After working throughout the morning, we headed back to headquarters for lunch. One afternoon we had homemade vegetarian pizza with French fries and another afternoon we had Fatiya, homemade couscous and a vegetable medley with a tomato sauce. All of the food in the village was vegetarian and delicious.

After lunch, one of us led a group discussion topic. Our topics throughout the trip were first impressions of the village and the people, culture differences for U.S. Americans vs. Senegalese, what is poverty, and gender roles. Then we had time we had time to spend with our host families. We showed our families how to play board games like Jenga, how to jump rope, and how to play hopscotch. The remaining time was spent learning how to do house chores and practicing the local language. In the evenings there were social events. We had a soccer game, a wrestling match and open dialogue gender talk.

It’s so hard to say goodbye.

On our final evening in the village, we had a closing ceremony where we celebrated the young boys in the village that were of age (10 years old) to be circumcised and then danced all night long. Our host families dressed us up in traditional Senegalese attire and we took family photos.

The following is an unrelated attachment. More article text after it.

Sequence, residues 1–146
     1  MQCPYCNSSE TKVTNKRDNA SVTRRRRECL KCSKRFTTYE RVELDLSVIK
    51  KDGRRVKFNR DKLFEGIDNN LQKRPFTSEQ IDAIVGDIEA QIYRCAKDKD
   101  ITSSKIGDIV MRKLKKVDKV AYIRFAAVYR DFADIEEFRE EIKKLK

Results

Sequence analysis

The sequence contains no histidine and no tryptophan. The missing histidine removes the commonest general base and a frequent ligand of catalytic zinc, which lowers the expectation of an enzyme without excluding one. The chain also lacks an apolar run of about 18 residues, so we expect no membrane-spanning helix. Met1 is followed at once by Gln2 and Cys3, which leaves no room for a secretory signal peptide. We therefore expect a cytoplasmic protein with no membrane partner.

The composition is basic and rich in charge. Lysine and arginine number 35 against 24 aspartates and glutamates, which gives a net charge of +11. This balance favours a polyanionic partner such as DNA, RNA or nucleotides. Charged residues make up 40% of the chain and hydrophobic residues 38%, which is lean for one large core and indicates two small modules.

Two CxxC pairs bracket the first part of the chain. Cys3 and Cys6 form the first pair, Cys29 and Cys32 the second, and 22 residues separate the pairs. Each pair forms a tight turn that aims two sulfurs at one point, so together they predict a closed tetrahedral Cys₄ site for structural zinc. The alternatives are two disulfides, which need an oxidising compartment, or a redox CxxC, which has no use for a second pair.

After the closing ceremony, we spent our final hours with our families and presented them with parting gifts. Most of us left the games we played with our host families, school supplies, personal family photos and more. There wasn’t a dry eye in the village as we gave hugs and said our final goodbyes. Not only had we embraced the culture and lifestyle of our families in the village, but we built life-changing relationships that will live on forever more. Jerejef!

Class is in session in Ndodj, Senegal

The school we helped build is now complete and 115 students (51 boys and 64 girls) will soon be attending classes! We’re so thankful for the collaboration between Spirit and GE Aviation to support Ndodj, and for the opportunity to build friendships around the world. Mitch and Whitney also attended a conference in the U.S. to learn more about buildOn opportunities closer to home. To learn more about buildOn’s mission and how you can get involved, visit www.buildon.org.

Left to right – buildOn Co-founder Marc Friedman, Mitch, Whitney and buildOn Founder Jim Ziolkowski
Left to right – buildOn Co-founder Marc Friedman, Mitch, Whitney and buildOn Founder Jim Ziolkowski